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Nassau cop’s testimony contradicts statements by Al D’Amato

At a child custody hearing, Officer Vincent Adamo says the former U.S. senator’s estranged wife did not wield a shotgun.

Katuria D'Amato and former Senator Alfonse D'Amato leave

Katuria D'Amato and former Senator Alfonse D'Amato leave court in Mineola on Friday, Dec. 1, 2017. Photo Credit: Composite photo; Howard Schnapp

The estranged wife of former U.S. Sen. Alfonse D’Amato did not wield a shotgun the night she summoned police to her Lido Beach home, a Nassau officer who responded to the 911 call testified Friday at a child custody hearing in Mineola.

Officer Vincent Adamo testified that on Sept. 30 police recovered a 20-gauge shotgun from the residence Katuria D’Amato had shared with her estranged husband and their son, 9, and daughter, 7, but he said the weapon was locked in its box and stowed in a closet on the second floor.

Adamo’s testimony contradicts what Alfonse D’Amato said in a sworn affidavit when the ex-senator successfully petitioned state Supreme Court Justice Joseph Lorintz in October for temporary custody of the children, said Joseph De Simone, attorney for Katuria D’Amato.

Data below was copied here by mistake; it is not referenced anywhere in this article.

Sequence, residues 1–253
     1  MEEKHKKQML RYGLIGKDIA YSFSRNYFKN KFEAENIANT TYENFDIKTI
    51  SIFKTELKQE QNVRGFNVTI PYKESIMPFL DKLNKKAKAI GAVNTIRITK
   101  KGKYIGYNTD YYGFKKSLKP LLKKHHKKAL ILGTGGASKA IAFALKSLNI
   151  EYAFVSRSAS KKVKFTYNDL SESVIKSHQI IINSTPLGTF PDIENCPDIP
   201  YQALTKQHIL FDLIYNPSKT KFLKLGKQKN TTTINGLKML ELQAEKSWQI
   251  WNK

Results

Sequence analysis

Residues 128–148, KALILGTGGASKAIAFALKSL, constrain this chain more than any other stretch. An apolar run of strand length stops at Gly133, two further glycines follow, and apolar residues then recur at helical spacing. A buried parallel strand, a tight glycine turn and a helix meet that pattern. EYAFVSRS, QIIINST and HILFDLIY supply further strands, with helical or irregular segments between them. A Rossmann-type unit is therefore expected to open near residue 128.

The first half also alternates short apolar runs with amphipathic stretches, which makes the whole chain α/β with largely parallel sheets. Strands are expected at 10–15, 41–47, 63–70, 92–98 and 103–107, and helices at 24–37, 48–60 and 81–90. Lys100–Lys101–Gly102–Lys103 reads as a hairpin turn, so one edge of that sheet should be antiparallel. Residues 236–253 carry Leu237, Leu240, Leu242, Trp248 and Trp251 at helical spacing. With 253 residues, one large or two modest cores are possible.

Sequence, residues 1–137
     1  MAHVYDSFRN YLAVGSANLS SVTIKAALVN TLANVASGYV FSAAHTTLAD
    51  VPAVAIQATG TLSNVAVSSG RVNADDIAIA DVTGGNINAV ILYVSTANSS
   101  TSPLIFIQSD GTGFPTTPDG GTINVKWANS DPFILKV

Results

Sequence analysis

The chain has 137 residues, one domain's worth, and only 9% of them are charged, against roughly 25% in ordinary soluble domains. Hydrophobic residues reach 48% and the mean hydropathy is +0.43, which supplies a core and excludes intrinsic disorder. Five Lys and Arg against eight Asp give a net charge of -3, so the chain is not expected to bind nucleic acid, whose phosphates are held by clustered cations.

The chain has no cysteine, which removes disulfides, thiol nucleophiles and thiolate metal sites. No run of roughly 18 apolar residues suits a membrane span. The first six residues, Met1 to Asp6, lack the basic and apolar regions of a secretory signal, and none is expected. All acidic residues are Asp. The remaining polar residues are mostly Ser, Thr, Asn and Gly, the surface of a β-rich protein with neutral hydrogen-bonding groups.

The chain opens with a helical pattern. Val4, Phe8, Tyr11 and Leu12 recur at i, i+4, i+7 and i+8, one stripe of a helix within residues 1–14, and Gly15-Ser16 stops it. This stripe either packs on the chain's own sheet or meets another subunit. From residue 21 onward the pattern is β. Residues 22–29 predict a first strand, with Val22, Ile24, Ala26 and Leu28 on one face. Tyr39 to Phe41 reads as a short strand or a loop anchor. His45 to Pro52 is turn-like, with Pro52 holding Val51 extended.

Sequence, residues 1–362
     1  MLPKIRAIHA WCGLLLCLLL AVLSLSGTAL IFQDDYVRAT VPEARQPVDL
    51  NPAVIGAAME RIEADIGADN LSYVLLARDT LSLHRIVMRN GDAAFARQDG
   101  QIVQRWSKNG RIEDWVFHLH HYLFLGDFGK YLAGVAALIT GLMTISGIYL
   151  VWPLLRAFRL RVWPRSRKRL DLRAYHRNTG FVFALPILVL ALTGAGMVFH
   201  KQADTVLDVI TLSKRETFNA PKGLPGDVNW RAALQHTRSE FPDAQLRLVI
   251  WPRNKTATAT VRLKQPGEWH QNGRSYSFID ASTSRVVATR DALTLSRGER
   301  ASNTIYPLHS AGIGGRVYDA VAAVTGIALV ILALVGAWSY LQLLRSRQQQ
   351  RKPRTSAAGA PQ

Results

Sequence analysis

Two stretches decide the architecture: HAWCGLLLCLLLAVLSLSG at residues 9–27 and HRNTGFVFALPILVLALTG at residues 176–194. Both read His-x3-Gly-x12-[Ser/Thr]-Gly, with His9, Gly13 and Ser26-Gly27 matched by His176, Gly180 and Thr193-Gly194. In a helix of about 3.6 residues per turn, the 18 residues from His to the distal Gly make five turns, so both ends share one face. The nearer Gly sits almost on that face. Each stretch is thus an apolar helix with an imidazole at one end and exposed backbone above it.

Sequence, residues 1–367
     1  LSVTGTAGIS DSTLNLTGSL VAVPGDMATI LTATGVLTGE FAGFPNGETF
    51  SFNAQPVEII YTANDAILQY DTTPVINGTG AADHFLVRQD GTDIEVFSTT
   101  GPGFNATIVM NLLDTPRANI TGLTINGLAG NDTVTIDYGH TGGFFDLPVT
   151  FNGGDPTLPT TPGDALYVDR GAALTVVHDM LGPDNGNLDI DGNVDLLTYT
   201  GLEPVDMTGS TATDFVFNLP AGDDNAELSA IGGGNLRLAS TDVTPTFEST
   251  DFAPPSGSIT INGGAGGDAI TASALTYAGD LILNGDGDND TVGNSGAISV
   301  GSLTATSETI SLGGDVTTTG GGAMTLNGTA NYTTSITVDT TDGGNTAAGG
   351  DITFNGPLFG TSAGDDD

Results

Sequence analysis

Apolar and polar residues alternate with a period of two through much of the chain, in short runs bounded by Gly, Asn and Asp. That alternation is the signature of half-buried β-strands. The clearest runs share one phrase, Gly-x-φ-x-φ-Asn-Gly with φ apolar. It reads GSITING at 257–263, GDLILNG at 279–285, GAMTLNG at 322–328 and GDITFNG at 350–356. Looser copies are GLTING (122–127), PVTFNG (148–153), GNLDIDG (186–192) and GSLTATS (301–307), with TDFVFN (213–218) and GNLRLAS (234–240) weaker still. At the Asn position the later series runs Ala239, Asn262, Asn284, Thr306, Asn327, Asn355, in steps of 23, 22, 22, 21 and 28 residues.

“The affidavit showed that Mr. D’Amato obtained his order on false pretenses,” De Simone said in an interview after Friday’s hearing. “He told the court that he was informed by the police that she was loading a shotgun that evening.”

Judge Lorintz — who issued an emergency order in October giving the ex-senator custody of the children — is holding the hearing to determine whether the children should remain living with their father or whether they should live with their mother while the couple finalizes their divorce.

The D’Amatos married in 2004, and in 2014, publicly disclosed that they were working through “personal issues.” On Oct. 3, Katuria D’Amato, 51, filed for divorce in Manhattan from Alfonse D’Amato, 80, using an “Anonymous v. Anonymous” caption.

Adamo said the 911 call came in as a possible domestic incident, but he classified it as a “mental aided” case.

The ex-senator, in his affidavit, also alleged that his wife was mentally unstable, telling Adamo that Katuria D’Amato had previously suffered from a “psychotic” break and was taking lithium, assertions she said were false.

Adamo testified that he included both pieces of information in his official police report, although he admitted under cross examination by De Simone that it was the ex-senator who supplied him with the information. And, Adamo testified that he never asked Katuria D’Amato about the prescription medication or her mental state. He accepted the ex-senator’s words.

But Adamo said Katuria D’Amato told him that she thought people had planted secret listening devices in her home, shining green lasers through her windows, and kidnapping her and the children.

The custody hearing continues Monday.

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